DFH’s Say No Blood For Oil
That would be DFH’s like Assistant Secretary of Defense Sharon Burke.
Just to take a break from Wisconsin perfidy, consider Burke, whose brief is “operational energy plans and programs,” making the connection between death and dinosaur wine in a speech at Harvard last week:
Though the official price of a gallon of fuel within the military is set at $3.03, Burke said that the actual cost of fuel delivered, depending on the difficulty transporting it and protection needs, can be as high as $50 a gallon.
Burke told a story of tent usage in Iraq. One large tent used as a gymnasium required six generators to power the air conditioning, and even then the temperature was only lowered to 90 degrees. The problem, of course, was that a tent isn’t insulated well, so much of the cooling was lost to the desert.
“People were dying so we can vent our air conditioning to the desert,” Burke said.
Some key factoids from Burke’s speech:
The average U.S. soldier on a 72-hour patrol carries between 10 and 20 pounds of batteries.
There are seven kinds of batteries that power flashlights, GPS devices, night-vision gear, and other equipment considered essential for the modern soldier. Including spares, a soldier lugs 70 batteries, along with the devices themselves, weapons, food, water, and other necessities.
“We’re seeing pack weights of 130 pounds these days,” said Sharon Burke, assistant secretary of defense for operational energy plans and programs. “You can’t carry 130 pounds without turning up with injuries.”
The idea that our soldiers can’t fight (or can’t fight as easily and with as much stamina as they need) because of all the tools they must needs carry is a very scary one indeed — but that’s a topic for another day. In the meantime, back to that blood for oil problem:
The soldiers’ battery burden is just the tip of the military’s energy problem, Burke said. Heavily armored vehicles get just 4 miles per gallon. Air conditioners, computers, and other equipment at forward operating bases are powered by inefficient generators, at an enormous cost in fuel, requiring constant resupply. Delivering the fuel to where it is needed requires soldiers to protect the ferrying convoys, and costs both money and lives.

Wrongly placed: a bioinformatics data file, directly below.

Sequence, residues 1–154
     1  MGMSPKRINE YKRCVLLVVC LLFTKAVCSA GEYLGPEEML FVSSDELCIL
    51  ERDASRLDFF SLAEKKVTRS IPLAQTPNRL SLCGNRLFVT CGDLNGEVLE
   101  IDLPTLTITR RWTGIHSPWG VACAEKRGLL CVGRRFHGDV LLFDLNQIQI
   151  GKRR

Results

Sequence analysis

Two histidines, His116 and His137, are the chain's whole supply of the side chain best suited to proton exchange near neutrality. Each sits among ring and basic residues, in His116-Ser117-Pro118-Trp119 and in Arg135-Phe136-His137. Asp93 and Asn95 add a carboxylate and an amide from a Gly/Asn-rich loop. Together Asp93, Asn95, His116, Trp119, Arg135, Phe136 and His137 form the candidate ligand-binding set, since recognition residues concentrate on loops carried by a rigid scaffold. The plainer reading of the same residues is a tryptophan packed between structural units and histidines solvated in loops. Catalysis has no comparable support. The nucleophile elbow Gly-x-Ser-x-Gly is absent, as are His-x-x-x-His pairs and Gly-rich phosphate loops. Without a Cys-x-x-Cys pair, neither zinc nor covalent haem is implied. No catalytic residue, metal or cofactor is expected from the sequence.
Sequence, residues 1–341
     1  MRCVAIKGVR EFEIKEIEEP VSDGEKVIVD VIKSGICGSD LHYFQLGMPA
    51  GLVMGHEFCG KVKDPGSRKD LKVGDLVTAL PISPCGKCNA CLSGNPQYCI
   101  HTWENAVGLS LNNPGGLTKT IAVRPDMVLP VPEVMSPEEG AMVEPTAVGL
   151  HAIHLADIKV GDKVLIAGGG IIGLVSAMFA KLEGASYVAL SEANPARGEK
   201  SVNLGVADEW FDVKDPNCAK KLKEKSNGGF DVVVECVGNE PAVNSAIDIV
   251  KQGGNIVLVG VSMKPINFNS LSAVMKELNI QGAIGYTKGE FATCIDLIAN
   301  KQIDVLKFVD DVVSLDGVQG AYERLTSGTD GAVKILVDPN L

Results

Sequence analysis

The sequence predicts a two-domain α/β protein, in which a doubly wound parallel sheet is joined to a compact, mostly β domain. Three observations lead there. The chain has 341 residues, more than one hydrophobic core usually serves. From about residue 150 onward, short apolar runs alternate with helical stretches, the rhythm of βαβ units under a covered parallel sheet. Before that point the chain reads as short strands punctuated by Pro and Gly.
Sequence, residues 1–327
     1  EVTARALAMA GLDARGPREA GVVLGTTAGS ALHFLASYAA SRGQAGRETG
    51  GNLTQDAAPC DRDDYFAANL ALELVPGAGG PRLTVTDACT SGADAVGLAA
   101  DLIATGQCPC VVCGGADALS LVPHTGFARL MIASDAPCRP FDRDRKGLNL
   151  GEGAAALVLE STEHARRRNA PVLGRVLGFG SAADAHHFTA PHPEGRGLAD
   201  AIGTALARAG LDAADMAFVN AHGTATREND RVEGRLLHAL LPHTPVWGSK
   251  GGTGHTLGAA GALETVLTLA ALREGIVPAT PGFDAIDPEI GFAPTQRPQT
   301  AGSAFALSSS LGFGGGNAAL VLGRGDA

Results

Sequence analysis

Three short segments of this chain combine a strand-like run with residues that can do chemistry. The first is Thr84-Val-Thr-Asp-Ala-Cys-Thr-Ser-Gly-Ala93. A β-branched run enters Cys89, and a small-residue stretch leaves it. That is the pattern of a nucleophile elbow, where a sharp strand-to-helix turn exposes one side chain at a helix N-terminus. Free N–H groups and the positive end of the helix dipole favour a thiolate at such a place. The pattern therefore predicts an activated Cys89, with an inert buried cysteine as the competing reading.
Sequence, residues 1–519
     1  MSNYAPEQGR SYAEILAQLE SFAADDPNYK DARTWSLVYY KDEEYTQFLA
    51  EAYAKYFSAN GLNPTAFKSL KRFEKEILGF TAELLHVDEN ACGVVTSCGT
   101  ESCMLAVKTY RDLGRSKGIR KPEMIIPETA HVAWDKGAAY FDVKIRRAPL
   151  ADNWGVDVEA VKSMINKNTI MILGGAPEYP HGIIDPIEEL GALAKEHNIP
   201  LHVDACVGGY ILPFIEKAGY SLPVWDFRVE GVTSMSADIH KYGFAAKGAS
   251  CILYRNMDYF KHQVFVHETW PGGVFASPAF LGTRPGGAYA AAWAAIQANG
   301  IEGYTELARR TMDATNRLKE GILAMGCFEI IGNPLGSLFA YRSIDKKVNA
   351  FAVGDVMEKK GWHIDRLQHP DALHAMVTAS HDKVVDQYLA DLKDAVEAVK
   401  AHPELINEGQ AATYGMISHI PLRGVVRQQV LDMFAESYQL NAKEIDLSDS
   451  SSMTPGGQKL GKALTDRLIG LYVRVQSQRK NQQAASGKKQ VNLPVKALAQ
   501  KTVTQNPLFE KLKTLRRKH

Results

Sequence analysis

Hence Burke’s job: to find and support efforts like this one:
In Afghanistan, a company of soldiers is testing energy-saving technology in a frontline situation, relying on solar panels on tents, solar-powered lights, and stand-alone solar panels to recharge batteries — together cutting the company’s generator fuel consumption from 20 to 2.5 gallons a day. That drop means fewer fuel convoys which, in that part of Afghanistan, are almost certain to be attacked.
This, of course, runs directly counter to what Real Americans know about energy. Part of the GOP conspiracy to accelerate the decline and fall of the United States includes a state-by-state level assault on alternatives to fossil fuels.
Against such purity of purpose, what is one to make of the reckless liberalism of that well-known hotbed of hippie fervor, the Pentagon’s inner rings? Well — our Galtian overlords know what dangers lurk in the heart of reality’s liberal bias:
The Senate confirmed Burke to the job in June, after she came under initial fire from Oklahoma Sen. James Inhofe (R) for her apparent support of a 2007 law that bars federal agencies from buying alternative fuels that have higher greenhouse gas emissions than conventional fuels (ClimateWire, March 25).
Props to the Obama administration and to the DOD for taking action here…and, as always….
Factio Grandaeva Delenda Est.
Image: Jacopo Tintoretto, Young man in a gold-decorated suit of armour, 1555-1556.